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Livestock farmers learn from the best at show

By Jacqueline Mahugu | July 22nd 2016
By Jacqueline Mahugu | July 22nd 2016

The 10th edition of the Brookside Livestock Breeders Show and Sale kicked off Thursday with nearly 1,000 animals on display.

Brookside, the main sponsor of the show since 2000, hosted visitors from all over the region. The show, held at the Jamhuri Park Show Grounds (ASK), featured a wide range of stock, including camels, cows, goats, sheep and rabbits.

It attracted both large-scale and smallholder livestock farmers from all over the country, with about 30 farmers from Uganda. The show began with the judging of various animal breeds, including cows such as Jersey, Ayrshire, Friesian and Guernsey. The judges have been drawn from countries with strong livestock industries such as New Zealand and South Africa.

Visitors also had access to trade stands featuring various stakeholders in the farming industry, in addition to a fat stock auction, with butchers and farmers bidding for livestock.

Organisers of the show intend to encourage farmers, especially small-holder players who they consider the backbone of the livestock industry, to adopt new and best practices in order to better their livelihoods. Farmers were wowed by cows that produce up to 50 litres of milk per day.

Daniel Muchunu, a farmer from Laikipia who was at the event, said, “I have three cows that produce 6 to 10 litres per day but after attending this show I will definitely be looking to improve production.”

Industry regulator Kenya Dairy Board, Unga Farm Care, Pembe Seeds are also sponsors. Farmers will also be trained on animal insurance, dairy financing approaches, use of mobile applications for dairy records management and using artificial insemination. The main speakers on these issues are from Equity Bank, Kenya Dairy Board, Unga Farm Care, Smart Farm, East Africa Semen and Embryo Transfer Association (EASETA), among others.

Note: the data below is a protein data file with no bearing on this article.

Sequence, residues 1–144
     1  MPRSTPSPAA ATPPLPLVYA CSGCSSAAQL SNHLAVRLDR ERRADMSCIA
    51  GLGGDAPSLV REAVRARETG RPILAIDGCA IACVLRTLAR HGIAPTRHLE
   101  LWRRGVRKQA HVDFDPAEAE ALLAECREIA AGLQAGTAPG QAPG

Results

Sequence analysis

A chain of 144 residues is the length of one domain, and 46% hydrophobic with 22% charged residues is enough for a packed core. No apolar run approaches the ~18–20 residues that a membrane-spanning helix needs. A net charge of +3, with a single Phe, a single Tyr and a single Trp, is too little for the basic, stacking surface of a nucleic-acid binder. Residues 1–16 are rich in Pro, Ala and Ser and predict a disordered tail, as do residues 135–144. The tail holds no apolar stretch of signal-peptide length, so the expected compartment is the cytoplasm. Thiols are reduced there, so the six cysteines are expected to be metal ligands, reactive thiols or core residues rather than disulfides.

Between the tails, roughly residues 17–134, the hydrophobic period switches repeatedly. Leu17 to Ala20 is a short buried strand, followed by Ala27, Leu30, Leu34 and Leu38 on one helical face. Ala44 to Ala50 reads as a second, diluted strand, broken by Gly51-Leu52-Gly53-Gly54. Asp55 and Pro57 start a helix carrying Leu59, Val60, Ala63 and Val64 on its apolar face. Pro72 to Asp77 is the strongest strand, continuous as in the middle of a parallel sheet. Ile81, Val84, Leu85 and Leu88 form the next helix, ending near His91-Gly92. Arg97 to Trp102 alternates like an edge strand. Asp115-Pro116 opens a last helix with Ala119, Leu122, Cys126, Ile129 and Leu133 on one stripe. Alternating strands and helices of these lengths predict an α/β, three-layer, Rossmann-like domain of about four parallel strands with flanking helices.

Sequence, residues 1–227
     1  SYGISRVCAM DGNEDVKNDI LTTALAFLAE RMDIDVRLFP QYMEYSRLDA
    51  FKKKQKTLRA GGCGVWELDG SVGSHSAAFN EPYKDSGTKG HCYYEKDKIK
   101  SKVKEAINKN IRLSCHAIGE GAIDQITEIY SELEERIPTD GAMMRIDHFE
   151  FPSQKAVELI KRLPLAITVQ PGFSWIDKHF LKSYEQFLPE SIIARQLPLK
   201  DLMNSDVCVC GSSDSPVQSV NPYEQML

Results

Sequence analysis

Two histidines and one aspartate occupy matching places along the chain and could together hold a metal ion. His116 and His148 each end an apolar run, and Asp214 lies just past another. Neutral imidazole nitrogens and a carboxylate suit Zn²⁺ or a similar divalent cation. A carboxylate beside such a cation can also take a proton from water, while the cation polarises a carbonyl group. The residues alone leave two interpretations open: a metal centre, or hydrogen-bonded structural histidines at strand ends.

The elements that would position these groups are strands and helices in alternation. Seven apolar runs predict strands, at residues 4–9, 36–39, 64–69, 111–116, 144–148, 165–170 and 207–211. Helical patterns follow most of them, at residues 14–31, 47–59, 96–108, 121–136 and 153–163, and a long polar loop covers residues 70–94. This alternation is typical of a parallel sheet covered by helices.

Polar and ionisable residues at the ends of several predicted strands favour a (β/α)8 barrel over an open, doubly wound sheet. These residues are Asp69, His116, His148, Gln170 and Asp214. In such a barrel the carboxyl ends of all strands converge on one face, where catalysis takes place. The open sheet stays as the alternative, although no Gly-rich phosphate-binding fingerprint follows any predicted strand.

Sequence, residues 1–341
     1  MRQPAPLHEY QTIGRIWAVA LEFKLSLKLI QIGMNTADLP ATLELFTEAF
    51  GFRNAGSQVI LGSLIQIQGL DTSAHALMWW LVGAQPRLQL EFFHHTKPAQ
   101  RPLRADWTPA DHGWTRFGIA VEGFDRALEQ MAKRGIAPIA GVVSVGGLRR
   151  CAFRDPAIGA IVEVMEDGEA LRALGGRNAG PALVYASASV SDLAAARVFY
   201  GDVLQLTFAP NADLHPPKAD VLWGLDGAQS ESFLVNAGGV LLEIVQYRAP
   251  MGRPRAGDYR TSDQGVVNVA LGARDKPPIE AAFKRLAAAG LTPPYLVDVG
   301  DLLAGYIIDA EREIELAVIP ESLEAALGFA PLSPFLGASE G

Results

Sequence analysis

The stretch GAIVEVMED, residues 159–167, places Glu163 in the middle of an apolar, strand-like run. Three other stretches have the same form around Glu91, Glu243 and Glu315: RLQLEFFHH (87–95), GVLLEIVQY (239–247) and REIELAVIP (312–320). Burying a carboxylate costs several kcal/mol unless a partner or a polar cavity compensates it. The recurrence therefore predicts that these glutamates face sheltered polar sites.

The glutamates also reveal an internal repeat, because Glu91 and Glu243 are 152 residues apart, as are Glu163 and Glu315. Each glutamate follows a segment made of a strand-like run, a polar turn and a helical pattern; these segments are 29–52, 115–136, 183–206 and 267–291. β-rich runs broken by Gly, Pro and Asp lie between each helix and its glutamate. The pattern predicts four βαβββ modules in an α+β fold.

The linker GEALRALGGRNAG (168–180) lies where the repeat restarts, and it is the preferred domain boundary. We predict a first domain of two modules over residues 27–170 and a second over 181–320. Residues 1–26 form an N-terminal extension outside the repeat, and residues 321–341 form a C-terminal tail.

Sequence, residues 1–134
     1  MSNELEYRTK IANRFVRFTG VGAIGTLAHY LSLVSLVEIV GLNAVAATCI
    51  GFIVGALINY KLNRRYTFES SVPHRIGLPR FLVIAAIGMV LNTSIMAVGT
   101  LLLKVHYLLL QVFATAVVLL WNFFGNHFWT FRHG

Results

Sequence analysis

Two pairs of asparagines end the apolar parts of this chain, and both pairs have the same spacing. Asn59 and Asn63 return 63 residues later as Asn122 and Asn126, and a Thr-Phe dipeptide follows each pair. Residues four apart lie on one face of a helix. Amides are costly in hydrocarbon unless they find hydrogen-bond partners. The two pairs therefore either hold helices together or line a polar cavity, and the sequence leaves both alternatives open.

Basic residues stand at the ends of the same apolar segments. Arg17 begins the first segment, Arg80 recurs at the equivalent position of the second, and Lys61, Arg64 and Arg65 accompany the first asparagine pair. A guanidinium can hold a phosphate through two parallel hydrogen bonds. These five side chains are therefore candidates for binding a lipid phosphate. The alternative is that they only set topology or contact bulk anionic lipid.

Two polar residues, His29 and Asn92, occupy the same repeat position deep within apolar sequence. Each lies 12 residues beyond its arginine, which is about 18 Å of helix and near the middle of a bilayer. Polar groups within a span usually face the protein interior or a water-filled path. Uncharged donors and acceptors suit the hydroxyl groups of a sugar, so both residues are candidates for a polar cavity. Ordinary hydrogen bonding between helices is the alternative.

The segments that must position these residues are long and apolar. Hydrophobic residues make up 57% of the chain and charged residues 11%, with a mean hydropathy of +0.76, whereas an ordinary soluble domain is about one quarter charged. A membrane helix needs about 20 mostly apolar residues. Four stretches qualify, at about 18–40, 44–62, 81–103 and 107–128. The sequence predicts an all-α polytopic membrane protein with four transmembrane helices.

New and improved technologies in the livestock industry were also demonstrated, such as embryo transfer, machine milking, flexi-biogas demonstrations, leather, rabbit rearing and animal feed demonstrations.

Milk Consumption

“The aim of the show is to work with other stakeholders in the market,” said John Gethi, Brookside’s Director of Milk Procurement, John Gethi. “We have teamed together with different livestock breeders and trade sponsors, and it is about everyone in the whole industry put together to promote excellence within the region.”

He termed the opening of the show as a huge success and encouraged farmers to attend during the remaining days. Agriculture contributes a quarter to the national GDP, with livestock accounting for 14 per cent. Brookside commands 45 per cent of the formal dairy market.

Kenya produces 700,000 litres of milk per day through the formal milk market. Kenyans have a per capita consumption of milk at 110 litres per annum, way below the WHO recommendation of 180 litres per annum. However, Mr Gethi said Kenya is doing better than our neighbours, who consume a per capita average of 30 litres per year.

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